The U.K. carbon tax is defined as a carbon price floor (CPF) that will increase from 16 pounds per metric ton of carbon dioxide ($24.80) in April 2013 to 30 pounds per metric ton ($46.50) in 2020, in constant 2009 prices. The resulting carbon tax is calculated as the difference between the carbon price floor, adjusted for inflation, and the European Union allowance (EUA) price, which is the 12-month average settlement on the European Climate Exchange for the relevant EUA futures contract. The tax for this financial year is 4.94 pounds per metric ton of carbon dioxide ($7.66) and in 2014/2015, it is 9.55 pounds ($14.80). IHS CERA calculated the 2015/2016 rate at 18.29 pounds per metric ton of carbon dioxide ($28.35) resulting in an annual doubling for two successive years.[ii]
The conversion of the Drax plant to wood chips will significantly contribute to meeting a target imposed by the European Union (EU) that commits Britain to producing almost a third of its electricity from `renewable energy’ within seven years. Upon completion, Drax will have the capability to generate 3,500 megawatts of electricity from a qualified renewable source, contributing more than a quarter of the EU target for the use of renewable energy. The reliability of the converted Drax plant along with its size will produce far more generation than the country’s wind farms.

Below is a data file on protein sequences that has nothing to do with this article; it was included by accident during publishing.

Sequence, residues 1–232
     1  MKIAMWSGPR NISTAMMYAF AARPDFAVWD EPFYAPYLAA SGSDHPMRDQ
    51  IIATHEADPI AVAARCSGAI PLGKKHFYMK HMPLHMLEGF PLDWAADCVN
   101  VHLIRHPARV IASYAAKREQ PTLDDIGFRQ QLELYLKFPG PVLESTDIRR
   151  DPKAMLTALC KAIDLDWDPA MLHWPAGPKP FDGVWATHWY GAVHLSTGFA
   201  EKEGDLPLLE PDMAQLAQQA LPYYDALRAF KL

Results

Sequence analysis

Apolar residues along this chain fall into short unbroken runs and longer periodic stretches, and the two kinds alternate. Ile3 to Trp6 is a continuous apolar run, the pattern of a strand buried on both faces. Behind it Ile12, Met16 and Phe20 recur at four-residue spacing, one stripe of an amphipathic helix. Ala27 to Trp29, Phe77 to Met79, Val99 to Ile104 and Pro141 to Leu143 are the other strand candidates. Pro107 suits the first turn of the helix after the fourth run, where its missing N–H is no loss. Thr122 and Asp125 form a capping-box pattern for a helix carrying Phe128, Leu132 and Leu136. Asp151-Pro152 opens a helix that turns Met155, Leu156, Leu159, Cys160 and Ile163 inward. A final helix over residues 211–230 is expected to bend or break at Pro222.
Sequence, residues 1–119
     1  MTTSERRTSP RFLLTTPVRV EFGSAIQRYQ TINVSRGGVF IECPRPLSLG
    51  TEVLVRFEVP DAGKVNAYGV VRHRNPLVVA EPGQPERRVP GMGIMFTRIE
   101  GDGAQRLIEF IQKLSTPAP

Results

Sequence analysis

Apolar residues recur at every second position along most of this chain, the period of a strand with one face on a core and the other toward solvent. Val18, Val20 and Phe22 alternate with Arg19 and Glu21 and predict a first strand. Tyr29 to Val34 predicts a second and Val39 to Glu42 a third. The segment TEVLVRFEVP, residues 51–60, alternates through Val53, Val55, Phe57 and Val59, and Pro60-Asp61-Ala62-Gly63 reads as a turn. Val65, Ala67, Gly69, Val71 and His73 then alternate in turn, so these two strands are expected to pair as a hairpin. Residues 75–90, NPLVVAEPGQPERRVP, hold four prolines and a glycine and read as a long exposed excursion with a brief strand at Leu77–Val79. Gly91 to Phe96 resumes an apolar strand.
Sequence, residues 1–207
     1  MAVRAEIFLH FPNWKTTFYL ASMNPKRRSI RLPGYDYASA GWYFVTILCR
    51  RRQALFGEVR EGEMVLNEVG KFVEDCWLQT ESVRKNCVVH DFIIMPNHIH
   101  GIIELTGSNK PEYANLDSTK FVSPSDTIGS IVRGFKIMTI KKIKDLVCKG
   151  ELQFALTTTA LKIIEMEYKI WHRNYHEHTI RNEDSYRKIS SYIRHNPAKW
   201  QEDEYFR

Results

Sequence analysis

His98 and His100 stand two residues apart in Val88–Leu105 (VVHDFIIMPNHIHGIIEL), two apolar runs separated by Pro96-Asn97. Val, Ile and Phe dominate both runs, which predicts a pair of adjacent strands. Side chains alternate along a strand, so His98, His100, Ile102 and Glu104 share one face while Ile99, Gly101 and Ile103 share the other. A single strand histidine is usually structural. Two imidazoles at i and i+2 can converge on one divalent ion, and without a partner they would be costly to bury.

The Issues the U.K. Politicians Aren’t Confronting
The energy policies that the United Kingdom has put in place have consequences that will affect the lives of its citizens and their pocketbooks. The country’s energy policies mean the electricity will cost more, that electric supplies may not be sufficient to meet future demands, and that little will be achieved in emissions reduction because of actions of other countries and the consequences of biomass conversions on the life cycle of the fuel.
It will cost two to three times as much for Drax to generate about the same amount of electricity from wood as it does from coal, i.e. fuel costs will double or triple. The government is providing a subsidy that will eventually be worth over œ1 billion a year that make the Drax conversion to `biomass’ economical. But for electricity consumers in Britain, bills have already increased by over œ1 billion ($1.55 billion) a year because of subsidizing wind farms; the Drax subsidies will increase them even more.
Those coal-fired power plants not converting to `biomass’ are being forced to close. An EU anti-pollution directive has resulted in the closure of several coal-fired power plants such as Kingsnorth in Kent, Didcot A in Oxfordshire and Cockenzie in Scotland with a combined capacity of almost 6,000 megawatts, which leaves natural gas to back-up wind power that cannot be relied upon to generate power when needed. For example, on a recent windless day, the country’s 4,300 wind turbines combined to generate just one thousandth of demand (29 megawatts).